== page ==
Artist

Martin L. Gore

The driving creative force behind the groundbreaking synth pop group Depeche Mode, composer and keyboardist Martin Gore was born in Basildon, England, on July 23, 1961.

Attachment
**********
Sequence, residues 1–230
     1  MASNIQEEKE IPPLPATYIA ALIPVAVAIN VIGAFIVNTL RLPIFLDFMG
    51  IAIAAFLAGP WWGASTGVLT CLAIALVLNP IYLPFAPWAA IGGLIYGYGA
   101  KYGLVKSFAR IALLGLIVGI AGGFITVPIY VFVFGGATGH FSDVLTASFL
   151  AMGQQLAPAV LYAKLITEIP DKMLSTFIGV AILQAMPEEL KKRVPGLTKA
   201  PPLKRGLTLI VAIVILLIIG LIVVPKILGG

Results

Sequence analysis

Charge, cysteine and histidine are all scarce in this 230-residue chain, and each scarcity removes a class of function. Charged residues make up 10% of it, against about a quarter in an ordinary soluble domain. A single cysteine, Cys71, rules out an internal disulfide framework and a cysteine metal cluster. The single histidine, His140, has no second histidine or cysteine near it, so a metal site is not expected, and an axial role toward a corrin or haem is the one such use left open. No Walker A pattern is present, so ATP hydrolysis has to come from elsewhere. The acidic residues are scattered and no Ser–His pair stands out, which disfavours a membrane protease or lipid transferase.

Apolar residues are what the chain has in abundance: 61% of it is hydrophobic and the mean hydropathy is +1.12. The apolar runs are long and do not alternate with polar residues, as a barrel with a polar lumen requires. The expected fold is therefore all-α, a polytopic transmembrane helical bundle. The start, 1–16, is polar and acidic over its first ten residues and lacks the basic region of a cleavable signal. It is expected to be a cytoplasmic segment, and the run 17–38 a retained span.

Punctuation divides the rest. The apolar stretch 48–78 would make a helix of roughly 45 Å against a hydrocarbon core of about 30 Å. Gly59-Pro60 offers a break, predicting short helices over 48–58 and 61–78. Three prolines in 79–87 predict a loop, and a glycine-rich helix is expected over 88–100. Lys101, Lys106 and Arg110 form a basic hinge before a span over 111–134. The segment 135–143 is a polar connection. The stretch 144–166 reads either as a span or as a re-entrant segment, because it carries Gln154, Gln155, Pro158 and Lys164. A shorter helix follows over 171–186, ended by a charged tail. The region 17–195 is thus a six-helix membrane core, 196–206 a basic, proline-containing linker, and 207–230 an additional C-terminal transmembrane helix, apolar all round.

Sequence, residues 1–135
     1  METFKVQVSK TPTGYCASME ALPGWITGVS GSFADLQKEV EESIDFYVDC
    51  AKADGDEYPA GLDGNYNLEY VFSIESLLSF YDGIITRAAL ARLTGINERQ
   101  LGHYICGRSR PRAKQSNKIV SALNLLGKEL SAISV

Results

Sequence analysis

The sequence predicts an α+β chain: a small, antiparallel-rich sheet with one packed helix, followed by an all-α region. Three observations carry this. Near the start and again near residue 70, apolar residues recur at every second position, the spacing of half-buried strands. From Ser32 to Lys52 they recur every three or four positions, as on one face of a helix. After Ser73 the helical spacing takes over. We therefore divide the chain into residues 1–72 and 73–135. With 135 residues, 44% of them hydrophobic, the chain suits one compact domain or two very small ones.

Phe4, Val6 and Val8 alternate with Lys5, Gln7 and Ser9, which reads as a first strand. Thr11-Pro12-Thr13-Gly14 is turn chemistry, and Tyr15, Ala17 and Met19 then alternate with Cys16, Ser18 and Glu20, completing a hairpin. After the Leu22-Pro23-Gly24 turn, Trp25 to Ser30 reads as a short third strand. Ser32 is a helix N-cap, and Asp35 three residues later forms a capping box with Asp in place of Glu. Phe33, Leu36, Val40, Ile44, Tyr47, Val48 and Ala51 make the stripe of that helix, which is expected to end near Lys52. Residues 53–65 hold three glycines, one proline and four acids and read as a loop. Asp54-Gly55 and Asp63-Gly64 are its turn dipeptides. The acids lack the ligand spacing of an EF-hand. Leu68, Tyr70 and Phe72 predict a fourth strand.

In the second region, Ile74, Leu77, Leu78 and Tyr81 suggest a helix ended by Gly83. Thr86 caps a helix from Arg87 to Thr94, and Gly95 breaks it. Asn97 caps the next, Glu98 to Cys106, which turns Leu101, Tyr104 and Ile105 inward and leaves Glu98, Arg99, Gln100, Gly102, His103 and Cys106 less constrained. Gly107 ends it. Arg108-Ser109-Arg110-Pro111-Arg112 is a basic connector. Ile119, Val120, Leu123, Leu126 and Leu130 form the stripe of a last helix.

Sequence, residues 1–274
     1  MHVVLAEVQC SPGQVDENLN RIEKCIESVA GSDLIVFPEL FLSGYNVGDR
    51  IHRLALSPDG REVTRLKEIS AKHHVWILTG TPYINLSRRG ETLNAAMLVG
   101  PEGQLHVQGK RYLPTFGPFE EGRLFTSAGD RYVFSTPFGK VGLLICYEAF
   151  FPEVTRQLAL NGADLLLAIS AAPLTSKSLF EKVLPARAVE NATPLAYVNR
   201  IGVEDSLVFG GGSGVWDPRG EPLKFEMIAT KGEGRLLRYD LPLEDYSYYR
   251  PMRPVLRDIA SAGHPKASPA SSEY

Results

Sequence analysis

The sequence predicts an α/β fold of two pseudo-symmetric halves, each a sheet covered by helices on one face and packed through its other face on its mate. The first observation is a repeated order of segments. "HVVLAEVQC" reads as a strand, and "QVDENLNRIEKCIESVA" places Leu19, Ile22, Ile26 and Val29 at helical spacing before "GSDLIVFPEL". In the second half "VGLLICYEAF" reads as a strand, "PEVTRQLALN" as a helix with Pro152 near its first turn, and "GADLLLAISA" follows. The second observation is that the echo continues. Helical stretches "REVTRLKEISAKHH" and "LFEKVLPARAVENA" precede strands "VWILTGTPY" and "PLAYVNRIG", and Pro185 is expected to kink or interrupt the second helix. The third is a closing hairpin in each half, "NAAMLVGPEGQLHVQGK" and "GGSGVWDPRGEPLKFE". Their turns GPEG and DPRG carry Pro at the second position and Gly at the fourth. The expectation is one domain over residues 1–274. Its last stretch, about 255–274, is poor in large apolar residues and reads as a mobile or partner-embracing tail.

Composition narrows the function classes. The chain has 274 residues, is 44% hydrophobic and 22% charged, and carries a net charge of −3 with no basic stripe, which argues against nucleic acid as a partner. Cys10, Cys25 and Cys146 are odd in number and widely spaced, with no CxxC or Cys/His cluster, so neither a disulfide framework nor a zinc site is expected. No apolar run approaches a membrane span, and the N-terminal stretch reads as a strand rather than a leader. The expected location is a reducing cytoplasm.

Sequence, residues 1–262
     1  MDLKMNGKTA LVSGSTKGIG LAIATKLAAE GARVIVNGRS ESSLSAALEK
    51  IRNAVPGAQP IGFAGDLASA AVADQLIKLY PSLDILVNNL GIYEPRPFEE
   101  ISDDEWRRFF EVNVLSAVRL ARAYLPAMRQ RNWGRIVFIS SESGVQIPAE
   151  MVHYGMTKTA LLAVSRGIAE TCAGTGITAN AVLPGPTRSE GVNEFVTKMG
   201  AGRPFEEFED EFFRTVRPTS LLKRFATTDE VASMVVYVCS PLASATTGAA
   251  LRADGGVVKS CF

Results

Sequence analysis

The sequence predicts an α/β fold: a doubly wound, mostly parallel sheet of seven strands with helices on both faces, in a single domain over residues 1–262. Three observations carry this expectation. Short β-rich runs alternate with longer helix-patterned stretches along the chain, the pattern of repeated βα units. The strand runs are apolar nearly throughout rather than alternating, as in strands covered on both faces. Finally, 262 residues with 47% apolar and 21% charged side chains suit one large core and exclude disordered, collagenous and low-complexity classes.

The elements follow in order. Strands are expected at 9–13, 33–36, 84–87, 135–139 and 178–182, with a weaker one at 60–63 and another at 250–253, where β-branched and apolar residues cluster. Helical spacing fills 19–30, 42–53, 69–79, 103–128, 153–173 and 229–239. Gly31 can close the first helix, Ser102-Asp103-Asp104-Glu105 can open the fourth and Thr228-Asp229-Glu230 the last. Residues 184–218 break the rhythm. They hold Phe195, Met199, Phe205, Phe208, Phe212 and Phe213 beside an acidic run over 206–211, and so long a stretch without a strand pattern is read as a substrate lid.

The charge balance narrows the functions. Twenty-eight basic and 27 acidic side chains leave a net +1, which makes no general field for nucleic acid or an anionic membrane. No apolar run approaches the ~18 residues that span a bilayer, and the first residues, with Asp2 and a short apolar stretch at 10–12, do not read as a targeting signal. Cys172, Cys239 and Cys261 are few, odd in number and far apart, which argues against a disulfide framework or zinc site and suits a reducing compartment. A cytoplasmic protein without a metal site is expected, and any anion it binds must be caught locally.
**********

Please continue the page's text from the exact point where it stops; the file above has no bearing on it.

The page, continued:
As a teen he joined French Look, a duo featuring schoolmate Vince Clarke; with the subsequent additions of keyboardist Andrew Fletcher and singer David Gahan, the group re-christened itself Depeche Mode, soon jettisoning all instruments excluding their synthesizers and honing a slick, techno-based sound to showcase Clarke's catchy melodies. Depeche Mode's 1981 debut LP Speak and Spell was a major British hit, its success spurred by the smash single "Just Can't Get Enough," but following the album's release principal songwriter Clarke abruptly exited to form Yazoo with singer Alison Moyet, leaving the group's future in grave doubt. In Clarke's absence, Gore grabbed the songwriting reins, and while 1982's A Broken Frame deviated only slightly from Depeche Mode's earlier work, his ominous songs grew more assured and sophisticated by the time of 1983's Construction Time Again. Some Great Reward, issued the following year, was Depeche Mode's artistic and commercial breakthrough, as Gore's dark, kinky preoccupations with spiritual doubt ("Blasphemous Rumours") and psycho-sexual manipulation ("Master and Servant") came to the fore. The egalitarian single "People Are People" was a major hit on both sides of the Atlantic, and typified the music's turn toward more industrial textures. 1986's atmospheric Black Celebration continued the trend towards grim melancholy, and further established the group as a major commercial force. In 1989, Gore issued the solo EP Counterfeit; the following year saw the release of Depeche Mode's Violator, a Top Ten smash which spawned the hits "Enjoy the Silence," "Policy of Truth," and "Personal Jesus." Although 1993's Songs of Faith & Devotion entered the charts in the number one slot, internal conflicts resulted in a four-year wait for the follow-up, Ultra. ~ Jason Ankeny, Rovi

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